Division of Injury Prevention, National Center for Injury Prevention and Control (Drs Miller and Rice), Division of Preparedness and Emerging Infections, National Center for Emerging & Zoonotic Infectious Diseases (Drs Greening Jr and Meltzer), Policy Research, Analysis, and Development Office, Office of the Associate Director for Policy and Strategy (Dr Arifkhanova), and Division for Heart Disease and Stroke Prevention, National Center for Chronic Disease Prevention & Health Promotion (Dr Coronado), Centers for Disease Control and Prevention, Atlanta, Georgia.

Background: Schools are an integral part of the community; however, congregate settings facilitate transmission of SARS-CoV-2, presenting a challenge to school administrators to provide a safe, in-school environment for students and staff.

Methods: We adapted the Centers for Disease Control and Prevention's COVIDTracer Advanced tool to model the transmission of SARS-CoV-2 in a school of 596 individuals. We estimate possible reductions in cases and hospitalizations among this population using a scenario-based analysis that accounts for (a) the risk of importation of infection from the community; (b) adherence to key Centers for Disease Control and Prevention-recommended mitigation strategies: mask wearing, cleaning and disinfection, hand hygiene, and social distancing; and (c) the effectiveness of contact tracing interventions at limiting onward transmission.

Results: Low impact and effectiveness of mitigation strategies (net effectiveness: 27%) result in approximately 40% of exposed staff and students becoming COVID-19 cases. When the net effectiveness of mitigation strategies was 69% or greater, in-school transmission was mostly prevented, yet importation of cases from the surrounding community could result in nearly 20% of the school's population becoming infected within 180 days. The combined effects of mitigation strategies and contact tracing were able to prevent most onward transmission. Hospitalizations were low among children and adults (<0.5% of the school population) across all scenarios examined.

Conclusions: Based on our model, layering mitigation strategies and contact tracing can limit the number of cases that may occur from transmission in schools. Schools in communities with substantial levels of community spread will need to be more vigilant to ensure adherence of mitigation strategies to minimize transmission. Our results show that for school administrators, teachers, and parents to provide the safest environment, it is important to utilize multiple mitigation strategies and contract tracing that reduce SARS CoV-2 transmission by at least 69%. This will require training, reinforcement, and vigilance to ensure that the highest level of adherence is maintained over the entire school term.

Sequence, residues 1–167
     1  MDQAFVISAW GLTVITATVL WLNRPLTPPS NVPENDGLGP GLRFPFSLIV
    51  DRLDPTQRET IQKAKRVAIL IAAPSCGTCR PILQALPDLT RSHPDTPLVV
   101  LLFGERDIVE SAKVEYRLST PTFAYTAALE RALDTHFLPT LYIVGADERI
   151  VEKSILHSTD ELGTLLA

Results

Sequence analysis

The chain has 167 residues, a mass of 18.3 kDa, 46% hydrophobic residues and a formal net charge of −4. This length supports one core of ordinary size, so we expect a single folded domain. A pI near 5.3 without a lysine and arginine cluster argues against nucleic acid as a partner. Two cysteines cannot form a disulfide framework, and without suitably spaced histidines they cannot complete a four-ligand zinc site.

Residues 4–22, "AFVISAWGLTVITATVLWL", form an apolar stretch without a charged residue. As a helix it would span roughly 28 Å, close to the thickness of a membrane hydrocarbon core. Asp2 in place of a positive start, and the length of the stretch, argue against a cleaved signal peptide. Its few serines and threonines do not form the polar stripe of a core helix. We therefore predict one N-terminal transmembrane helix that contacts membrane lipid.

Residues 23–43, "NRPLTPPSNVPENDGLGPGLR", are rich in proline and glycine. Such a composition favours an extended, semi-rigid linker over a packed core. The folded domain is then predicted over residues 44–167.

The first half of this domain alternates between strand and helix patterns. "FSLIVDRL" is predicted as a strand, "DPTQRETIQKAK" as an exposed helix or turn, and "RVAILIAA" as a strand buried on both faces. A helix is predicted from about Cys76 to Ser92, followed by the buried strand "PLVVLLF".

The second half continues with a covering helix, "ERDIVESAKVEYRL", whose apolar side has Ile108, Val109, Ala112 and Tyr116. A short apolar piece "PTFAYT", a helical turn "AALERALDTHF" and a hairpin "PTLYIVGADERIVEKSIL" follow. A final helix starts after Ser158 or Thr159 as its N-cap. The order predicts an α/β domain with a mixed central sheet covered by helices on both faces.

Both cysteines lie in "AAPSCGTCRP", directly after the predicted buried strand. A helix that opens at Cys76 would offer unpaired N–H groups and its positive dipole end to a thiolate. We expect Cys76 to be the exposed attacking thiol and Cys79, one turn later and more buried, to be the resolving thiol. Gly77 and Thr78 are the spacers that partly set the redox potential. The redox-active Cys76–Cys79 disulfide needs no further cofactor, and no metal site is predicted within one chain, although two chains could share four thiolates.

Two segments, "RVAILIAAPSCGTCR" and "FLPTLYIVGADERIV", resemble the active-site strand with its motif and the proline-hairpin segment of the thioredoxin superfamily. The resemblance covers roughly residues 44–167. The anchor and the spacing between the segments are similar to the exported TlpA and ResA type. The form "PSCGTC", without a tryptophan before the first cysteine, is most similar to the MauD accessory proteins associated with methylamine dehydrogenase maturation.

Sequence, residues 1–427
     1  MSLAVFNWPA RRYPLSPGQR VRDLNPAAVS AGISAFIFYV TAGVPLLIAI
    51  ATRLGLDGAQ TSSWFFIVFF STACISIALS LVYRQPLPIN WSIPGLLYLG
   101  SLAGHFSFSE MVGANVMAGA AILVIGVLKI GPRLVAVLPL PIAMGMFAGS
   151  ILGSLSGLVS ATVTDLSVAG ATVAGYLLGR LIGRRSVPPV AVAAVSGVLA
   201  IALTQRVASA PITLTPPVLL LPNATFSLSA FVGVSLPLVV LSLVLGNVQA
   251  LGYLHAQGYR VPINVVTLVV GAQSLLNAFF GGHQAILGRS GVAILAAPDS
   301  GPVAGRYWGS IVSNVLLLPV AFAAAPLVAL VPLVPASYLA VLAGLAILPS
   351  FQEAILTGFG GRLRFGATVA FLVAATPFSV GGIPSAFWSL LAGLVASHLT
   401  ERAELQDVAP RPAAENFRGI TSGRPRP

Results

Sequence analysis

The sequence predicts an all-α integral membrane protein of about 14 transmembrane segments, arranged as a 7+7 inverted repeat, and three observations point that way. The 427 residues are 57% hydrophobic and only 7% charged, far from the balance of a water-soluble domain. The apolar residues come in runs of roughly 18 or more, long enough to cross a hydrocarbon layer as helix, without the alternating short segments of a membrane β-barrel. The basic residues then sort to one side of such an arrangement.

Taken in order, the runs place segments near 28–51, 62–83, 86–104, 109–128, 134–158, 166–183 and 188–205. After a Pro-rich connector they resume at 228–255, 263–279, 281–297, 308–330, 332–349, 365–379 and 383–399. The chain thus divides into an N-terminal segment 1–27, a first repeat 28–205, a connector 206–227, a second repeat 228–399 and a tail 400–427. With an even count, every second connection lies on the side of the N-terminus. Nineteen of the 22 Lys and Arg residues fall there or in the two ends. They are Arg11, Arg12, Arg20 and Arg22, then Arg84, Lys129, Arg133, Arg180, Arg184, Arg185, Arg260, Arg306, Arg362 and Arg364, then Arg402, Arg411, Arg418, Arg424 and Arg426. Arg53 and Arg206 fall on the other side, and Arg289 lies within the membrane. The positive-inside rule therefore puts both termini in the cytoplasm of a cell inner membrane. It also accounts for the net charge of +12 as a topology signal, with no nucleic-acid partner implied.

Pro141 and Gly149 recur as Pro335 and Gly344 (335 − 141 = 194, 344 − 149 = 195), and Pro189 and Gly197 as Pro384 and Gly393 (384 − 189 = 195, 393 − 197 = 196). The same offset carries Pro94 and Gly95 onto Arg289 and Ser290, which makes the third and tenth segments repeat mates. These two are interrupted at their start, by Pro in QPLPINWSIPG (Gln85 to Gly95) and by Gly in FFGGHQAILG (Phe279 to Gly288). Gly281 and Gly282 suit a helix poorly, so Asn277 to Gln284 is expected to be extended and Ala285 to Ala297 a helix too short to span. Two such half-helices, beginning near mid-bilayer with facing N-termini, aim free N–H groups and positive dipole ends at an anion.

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http://dx.doi.org/10.1097/PHH.0000000000001373DOI Listing
April 2021

Cost-effectiveness of the national dog rabies prevention and control program in Mexico, 1990-2015.

PLoS Negl Trop Dis 2021 03 4;15(3):e0009130. Epub 2021 Mar 4.

Coordinador Estatal de Zoonosis, Secretaría de Salud Tlaxcala, México.

Background: Rabies is a viral zoonosis that imposes a substantial disease and economic burden in many developing countries. Dogs are the primary source of rabies transmission; eliminating dog rabies reduces the risk of exposure in humans significantly. Through mass annual dog rabies vaccination campaigns, the national program of rabies control in Mexico progressively reduced rabies cases in dogs and humans since 1990. In 2019, the World Health Organization validated Mexico for eliminating rabies as a public health problem. Using a governmental perspective, we retrospectively assessed the economic costs, effectiveness, and cost-effectiveness of the national program of rabies control in Mexico, 1990-2015.

Methodology: Combining various data sources, including administrative records, national statistics, and scientific literature, we retrospectively compared the current scenario of annual dog vaccination campaigns and post-exposure prophylaxis (PEP) with a counterfactual scenario without an annual dog vaccination campaign but including PEP. The counterfactual scenario was estimated using a mathematical model of dog rabies transmission (RabiesEcon). We performed a thorough sensitivity analysis of the main results.